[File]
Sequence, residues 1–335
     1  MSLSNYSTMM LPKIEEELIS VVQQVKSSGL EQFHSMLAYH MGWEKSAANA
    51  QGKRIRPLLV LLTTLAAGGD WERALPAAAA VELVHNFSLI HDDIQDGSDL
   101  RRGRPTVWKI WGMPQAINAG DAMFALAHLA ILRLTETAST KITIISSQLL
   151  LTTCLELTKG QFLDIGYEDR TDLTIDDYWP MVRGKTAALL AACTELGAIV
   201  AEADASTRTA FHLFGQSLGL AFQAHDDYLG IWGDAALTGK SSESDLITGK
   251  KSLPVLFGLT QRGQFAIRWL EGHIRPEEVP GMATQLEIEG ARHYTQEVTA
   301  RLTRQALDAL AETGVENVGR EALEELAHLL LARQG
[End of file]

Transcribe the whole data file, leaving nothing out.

Sequence, residues 1–335
     1  MSLSNYSTMM LPKIEEELIS VVQQVKSSGL EQFHSMLAYH MGWEKSAANA
    51  QGKRIRPLLV LLTTLAAGGD WERALPAAAA VELVHNFSLI HDDIQDGSDL
   101  RRGRPTVWKI WGMPQAINAG DAMFALAHLA ILRLTETAST KITIISSQLL
   151  LTTCLELTKG QFLDIGYEDR TDLTIDDYWP MVRGKTAALL AACTELGAIV
   201  AEADASTRTA FHLFGQSLGL AFQAHDDYLG IWGDAALTGK SSESDLITGK
   251  KSLPVLFGLT QRGQFAIRWL EGHIRPEEVP GMATQLEIEG ARHYTQEVTA
   301  RLTRQALDAL AETGVENVGR EALEELAHLL LARQG